Two Chapman's zebra mares were born this year at the Wrocław zoo. The first one was born in June, the second one at the end of August. They can be seen in the Savannah habitat with other zebras, giraffes, ostriches and the red hartebeest.
Chapman's zebra herd from Wrocław is a harmonious and close-knit group. It consists of one stallion named Coral and three mares - Bazuka, Bera and Bronia. In the wild, this species lives in family groups, comprised of a stallion, females and their offspring. Interestingly, such harems tend to stick together for life.
Foals of this species are born at the Wrocław zoo almost every year. The two females born this year were given names beginning with the letter "B", like their mothers. Beza (born on June 12, 20) is Bera's daughter, and Borówka (born on August 25, 20) is Bazuka's.
The zebra is one of the symbols of Africa, although not everyone knows that currently there are 3 species and 8 subspecies of the zebra. Two or three years ago, it was still believed that they could be classified as the species of least concern. However, field studies have shown that all populations have declined. As a consequence, their IUCN category has changed to vulnerable.
The Chapman's Zebra (Equus quagga chapmani), named after its discoverer James Chapman, is a subspecies of the plains zebra. In the wild, it is found in south-eastern Africa. Males stand at 130 cm and weigh up to 360 kg, and females stand as tall as the males and reach a maximum weight of 320 kg.
All zebras have a black body with white stripes, and the differences between species and subspecies are subtle but noticeable. They usually concern the arrangement and color of the stripes. Chapman's zebras have not only black and white stripes, but also some brown ones. They have stripes on their legs almost to the hooves. Like in other zebras, their mane is also striped.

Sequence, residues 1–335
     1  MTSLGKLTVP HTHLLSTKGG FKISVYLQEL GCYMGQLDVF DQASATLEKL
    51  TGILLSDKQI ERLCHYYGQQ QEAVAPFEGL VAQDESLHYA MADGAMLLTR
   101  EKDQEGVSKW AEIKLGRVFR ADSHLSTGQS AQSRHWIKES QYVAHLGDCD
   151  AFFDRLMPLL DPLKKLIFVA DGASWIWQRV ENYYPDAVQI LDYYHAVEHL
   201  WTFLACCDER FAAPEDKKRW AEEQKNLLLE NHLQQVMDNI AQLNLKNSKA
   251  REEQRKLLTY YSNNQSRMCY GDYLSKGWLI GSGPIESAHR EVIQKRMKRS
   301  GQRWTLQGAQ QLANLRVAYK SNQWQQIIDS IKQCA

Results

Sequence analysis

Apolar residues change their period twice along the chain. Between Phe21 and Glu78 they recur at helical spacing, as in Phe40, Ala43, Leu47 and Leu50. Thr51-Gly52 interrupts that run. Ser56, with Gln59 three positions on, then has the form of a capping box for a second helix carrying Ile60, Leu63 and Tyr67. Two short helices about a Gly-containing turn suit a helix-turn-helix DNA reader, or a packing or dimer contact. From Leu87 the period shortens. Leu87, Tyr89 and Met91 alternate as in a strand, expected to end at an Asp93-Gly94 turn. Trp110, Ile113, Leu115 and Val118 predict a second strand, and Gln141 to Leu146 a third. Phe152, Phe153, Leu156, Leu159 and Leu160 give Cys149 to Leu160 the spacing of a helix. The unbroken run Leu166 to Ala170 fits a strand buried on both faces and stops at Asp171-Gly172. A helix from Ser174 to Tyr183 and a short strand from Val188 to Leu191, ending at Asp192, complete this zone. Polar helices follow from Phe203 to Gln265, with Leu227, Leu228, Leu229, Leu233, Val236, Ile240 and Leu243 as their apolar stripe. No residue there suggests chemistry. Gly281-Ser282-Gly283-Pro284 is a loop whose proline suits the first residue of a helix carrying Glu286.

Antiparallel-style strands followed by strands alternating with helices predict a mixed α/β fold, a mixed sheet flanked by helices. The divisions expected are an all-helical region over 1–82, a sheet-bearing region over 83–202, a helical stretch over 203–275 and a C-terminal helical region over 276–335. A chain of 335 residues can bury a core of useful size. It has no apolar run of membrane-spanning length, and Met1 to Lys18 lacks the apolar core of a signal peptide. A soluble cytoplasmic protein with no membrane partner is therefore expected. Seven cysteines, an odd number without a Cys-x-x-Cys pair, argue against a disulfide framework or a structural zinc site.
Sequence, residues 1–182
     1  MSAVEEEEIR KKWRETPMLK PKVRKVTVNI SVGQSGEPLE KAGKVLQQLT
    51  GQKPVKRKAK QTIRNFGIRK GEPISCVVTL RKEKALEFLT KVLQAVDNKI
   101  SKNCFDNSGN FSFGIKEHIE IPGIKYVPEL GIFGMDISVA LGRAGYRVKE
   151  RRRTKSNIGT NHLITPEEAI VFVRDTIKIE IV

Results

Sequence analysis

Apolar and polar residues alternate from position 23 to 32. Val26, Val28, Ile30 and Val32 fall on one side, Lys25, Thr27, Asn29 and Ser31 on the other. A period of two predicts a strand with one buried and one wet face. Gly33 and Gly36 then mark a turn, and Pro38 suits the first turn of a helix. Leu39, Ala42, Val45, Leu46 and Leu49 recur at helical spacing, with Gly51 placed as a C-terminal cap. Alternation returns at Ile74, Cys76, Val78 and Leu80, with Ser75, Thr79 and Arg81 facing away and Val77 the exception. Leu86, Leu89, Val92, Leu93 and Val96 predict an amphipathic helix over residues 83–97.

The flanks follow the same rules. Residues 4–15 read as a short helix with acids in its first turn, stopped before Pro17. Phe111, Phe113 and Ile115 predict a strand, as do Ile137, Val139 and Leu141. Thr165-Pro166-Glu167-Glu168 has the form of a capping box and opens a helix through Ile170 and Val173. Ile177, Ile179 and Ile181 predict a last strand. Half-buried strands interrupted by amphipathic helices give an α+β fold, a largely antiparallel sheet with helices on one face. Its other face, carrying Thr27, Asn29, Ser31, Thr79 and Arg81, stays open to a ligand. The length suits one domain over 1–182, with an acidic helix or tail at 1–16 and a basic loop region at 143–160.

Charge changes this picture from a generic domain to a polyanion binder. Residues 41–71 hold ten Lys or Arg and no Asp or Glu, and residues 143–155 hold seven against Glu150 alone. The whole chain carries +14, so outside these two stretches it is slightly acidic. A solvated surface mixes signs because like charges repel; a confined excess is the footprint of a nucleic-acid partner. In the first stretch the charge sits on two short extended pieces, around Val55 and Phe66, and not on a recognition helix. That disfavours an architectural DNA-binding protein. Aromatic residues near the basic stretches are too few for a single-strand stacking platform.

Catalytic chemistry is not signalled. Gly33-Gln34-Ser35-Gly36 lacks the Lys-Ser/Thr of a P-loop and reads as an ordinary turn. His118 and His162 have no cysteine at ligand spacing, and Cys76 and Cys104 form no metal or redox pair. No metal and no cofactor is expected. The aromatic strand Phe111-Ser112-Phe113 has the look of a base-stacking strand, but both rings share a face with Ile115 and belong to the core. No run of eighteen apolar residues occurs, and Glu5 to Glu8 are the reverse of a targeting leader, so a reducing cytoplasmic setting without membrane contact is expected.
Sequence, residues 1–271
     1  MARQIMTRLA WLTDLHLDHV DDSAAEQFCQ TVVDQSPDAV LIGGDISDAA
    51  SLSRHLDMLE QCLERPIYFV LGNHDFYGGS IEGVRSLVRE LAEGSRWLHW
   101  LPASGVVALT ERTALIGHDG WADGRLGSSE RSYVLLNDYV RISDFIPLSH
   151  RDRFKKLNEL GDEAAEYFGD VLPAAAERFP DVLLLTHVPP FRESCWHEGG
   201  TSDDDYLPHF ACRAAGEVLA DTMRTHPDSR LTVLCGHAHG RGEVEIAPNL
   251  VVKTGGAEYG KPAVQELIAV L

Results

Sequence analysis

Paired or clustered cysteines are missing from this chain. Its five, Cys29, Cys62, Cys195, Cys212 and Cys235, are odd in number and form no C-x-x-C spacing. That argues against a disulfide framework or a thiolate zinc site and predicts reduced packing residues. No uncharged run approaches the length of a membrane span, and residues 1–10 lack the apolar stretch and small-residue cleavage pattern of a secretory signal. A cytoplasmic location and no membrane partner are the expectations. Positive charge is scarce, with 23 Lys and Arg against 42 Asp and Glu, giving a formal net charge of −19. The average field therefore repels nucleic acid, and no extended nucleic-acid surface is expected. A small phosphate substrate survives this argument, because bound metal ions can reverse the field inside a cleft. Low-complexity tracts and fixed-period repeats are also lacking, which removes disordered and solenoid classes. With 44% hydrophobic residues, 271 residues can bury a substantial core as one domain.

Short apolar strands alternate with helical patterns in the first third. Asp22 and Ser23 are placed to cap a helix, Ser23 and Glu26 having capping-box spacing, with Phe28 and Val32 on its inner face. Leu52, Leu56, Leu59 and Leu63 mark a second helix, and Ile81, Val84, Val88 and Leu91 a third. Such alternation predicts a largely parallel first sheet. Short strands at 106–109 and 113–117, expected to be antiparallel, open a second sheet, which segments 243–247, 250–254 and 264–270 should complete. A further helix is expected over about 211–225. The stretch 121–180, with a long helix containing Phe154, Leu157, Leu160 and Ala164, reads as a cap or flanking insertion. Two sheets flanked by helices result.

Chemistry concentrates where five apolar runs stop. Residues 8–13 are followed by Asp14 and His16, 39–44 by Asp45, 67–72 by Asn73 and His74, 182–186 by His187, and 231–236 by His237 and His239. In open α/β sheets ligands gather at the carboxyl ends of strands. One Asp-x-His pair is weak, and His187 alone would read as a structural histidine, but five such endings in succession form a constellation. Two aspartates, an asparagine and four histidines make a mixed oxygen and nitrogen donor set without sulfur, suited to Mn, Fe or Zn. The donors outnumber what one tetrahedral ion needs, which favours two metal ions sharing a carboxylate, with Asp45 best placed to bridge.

Chapman's zebras are very social animals. They live in herds that may count tens of thousands of individuals. The large herd consists of closed family groups called harems. They rarely shows aggressive behavior towards individuals of their own or other species.
Pregnancy duration is 12 months. The newborns are on their feet within an hour after birth and are ready to follow their mothers. Foals have brown stripes that darken with age. In nature, zebras live on average 25 years, in captivity more than 35 years.
Adult zebras can run at 56 kilometers per hour. They have acute eyesight and hearing- their primary defense mechanisms. Zebra's main natural enemy is the lion. Also crocodiles catch zebras when they are crossing rivers.
Like other subspecies of the plains zebra, the Chapman's zebra migrates seasonally to follow food - mostly grass, twigs, and leaves. It does not like food competition, but sometimes joins other animals of the African savannah, such as giraffes, ostriches and hartebeests, creating huge herds. However, when it returns to its original feeding grounds during the rainy season, it splits up into the family groups.
The main threat to this species is the development of agriculture and poaching. In order to stop the downward trend in the populations' numbers, more and more often protective measures are taken in the place of their occurrence. Networks of breeding programs have been established around the world as well.